Paul Gorman is…

Happy Birthday British rock and R&B, born 55 years ago tonight at the Ealing Club when Mick Jagger, Keith Richards, Brian Jones, Charlie Watts and Eric Burdon gathered around Alexis Korner

Mar 17th, 2017

//Top: Entrance to Ealing Club stairwell with jeweller’s to its right, early 1960s. Photo: ealingclub.com. Above: The entrance as it is today//

“Suburbia is the breeding ground for the richest and most innovative cultural production of the 20th and 21st centuries” Rupa Huq, writer and MP for Ealing Central & Acton, 2013

An advert in the New Musical Express for a “Rhythm & Blues Night” staged 55 years ago today – on St Patrick’s Night, March 17, 1962 – sparked the British musical revolution which soundtracked youth culture in the West for decades.

The ad proved a lure for suburban London teenage r&b fans including Keith Richards and Mick Jagger, while Eric Burdon, soon to be vocalist with The Animals, hitchhiked the 300 miles from Newcastle to join them in witnessing the main performance by Blues Incorporated (in fact he and Jagger traded verses on stage during a rendition of Billy Boy Arnold’s I Ain’t Got You).

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Granny Takes A Trip + Mr Freedom boots: Were they originally owned by Elton?

Mar 12th, 2015

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//The four pairs of boots are classic examples of early 70s rock n roll style//

These rare and unusual boots are thought to have once belonged to Elton John; the current owner was told this when he acquired them.

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When Jesus danced with the Sex Pistols

Jan 29th, 2014
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//From Vacant by Nils Stevenson, photo: Ray Stevenson//

If you are of a London gig-goer of a certain (getting on to be advanced) age you will remember “Jesus”, an enthusiastic audience member at many musical events in the capital from the 60s to the late 70s.

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//Detail: Hynde, Rotten, Matlock and Jesus. Photo: Ray Stevenson//

Jesus was notable because a) he was personable and b) would often discard his clothes as he energetically idiot-danced stage-front. Jesus liked to frolic with abandon, more often than not exposing much, or even all of his rail-thin body.

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Another of Mr Freedom’s ‘monstrous oddities’: Sue + Simon Haynes’ giant blue fun-fur gorilla

Mar 18th, 2013

//Mirabelle, May 2, 1970//

From the archive of the late Tommy Roberts, this image from British teen fashion magazine Mirabelle shows a particularly outré commission from fashion’s master of flamboyant retailing: a 7ft high rendition of a King Kong-style gorilla in blue fun fur created by the design team Sue and Simon Haynes.

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Glam comes into focus: Karl Stoecker’s fashion shoot for Club International October 1972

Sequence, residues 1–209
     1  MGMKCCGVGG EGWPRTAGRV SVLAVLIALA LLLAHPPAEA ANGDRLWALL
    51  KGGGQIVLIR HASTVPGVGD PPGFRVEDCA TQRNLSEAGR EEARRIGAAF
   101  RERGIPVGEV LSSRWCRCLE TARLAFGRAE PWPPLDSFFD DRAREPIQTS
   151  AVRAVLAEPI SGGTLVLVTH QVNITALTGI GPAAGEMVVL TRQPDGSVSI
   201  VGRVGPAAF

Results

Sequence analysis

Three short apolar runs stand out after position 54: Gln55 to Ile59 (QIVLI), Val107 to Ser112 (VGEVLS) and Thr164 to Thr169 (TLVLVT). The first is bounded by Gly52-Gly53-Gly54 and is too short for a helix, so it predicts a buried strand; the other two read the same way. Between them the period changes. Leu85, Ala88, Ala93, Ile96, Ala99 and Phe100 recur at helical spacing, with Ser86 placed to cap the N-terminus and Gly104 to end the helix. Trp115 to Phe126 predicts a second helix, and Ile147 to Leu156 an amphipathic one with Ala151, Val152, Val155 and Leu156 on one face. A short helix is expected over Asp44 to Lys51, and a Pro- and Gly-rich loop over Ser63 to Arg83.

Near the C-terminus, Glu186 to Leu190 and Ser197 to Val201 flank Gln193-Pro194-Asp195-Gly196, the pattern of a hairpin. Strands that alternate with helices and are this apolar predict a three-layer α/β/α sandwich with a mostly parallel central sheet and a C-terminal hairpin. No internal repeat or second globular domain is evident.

Jul 25th, 2012


Tucked away at the back of an issue of British soft-porn magazine Club International was a fashion shoot featuring clothing elements which denoted the crystallisation of the new art-directed glam aesthetic inaugurated by the release of Roxy Music’s first album a couple of months previously.

The photographer was Karl Stoecker, the New Yorker who had been resident in the UK since the mid-60s and was coming into his own with important contributions to Roxy’s visual identity across that LP and its successors For Your Pleasure and Stranded.

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The mystery of Pierre Laroche’s Breakfast, The Who at Charlton + the tragic demise of Alkasura’s John Lloyd

Mar 22nd, 2012

Pierre's Breakfast, 1974, by Willie Christie.

I am beguiled by this photograph, which is entitled Pierre’s Breakfast and was taken by Willie Christie at David Hockney’s house in Notting Hill on May 18, 1974.

The identities of the two individuals on the left are a mystery*; with Clark (in the white jumpsuit) are make-up artist Pierre Laroche, Marianne Faithfull and Michael Roberts (then writer/photographer at The Sunday Times, now Vanity Fair’s fashion/style director). Behind the group are a selection of artist Mo McDermott’s signature painted wooden tree sculptures.

Laroche, who had worked at Elizabeth Arden for five years before taking up with rock & roll when he was recruited by Brian Duffy for the cover of David Bowie’s 1973 album Aladdin Sane, engaged Willie Christie for the May 74 session for a potential magazine feature.

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Classifieds: Jerry Nolan’s advert in Rolling Stone June 14 1969

Mar 29th, 2011

I haven’t had it confirmed – nor seen this in any music history – but I believe this line ad to have been placed by Jerry Nolan three years before he replaced Billy Murcia as the drummer in the New York Dolls.

It appeared in the June 14, 1969 edition of Rolling Stone, the “first British issue” of the magazine produced in collaboration with newly recruited staff in London.

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BeatBooks 56: Burroughs

Feb 10th, 2011

//Front cover photo by Harriet Crowther.//

A brown envelope I’m always glad to receive is that containing the latest BeatBooks catalogue.

Each quarter the arrival of the 8″ x 6″ booklet soon results in the tapping out of the url of the online order form for Andrew Sclanders’ site.

And the catalogues are treasurable in their own right.

Over the last decade or so Sclanders has carved out a niche for BeatBooks as collector central for all publications – literary, musical, graphic – springing from “beat” and moving through the counterculture and punk to the outer reaches of the avant-garde.

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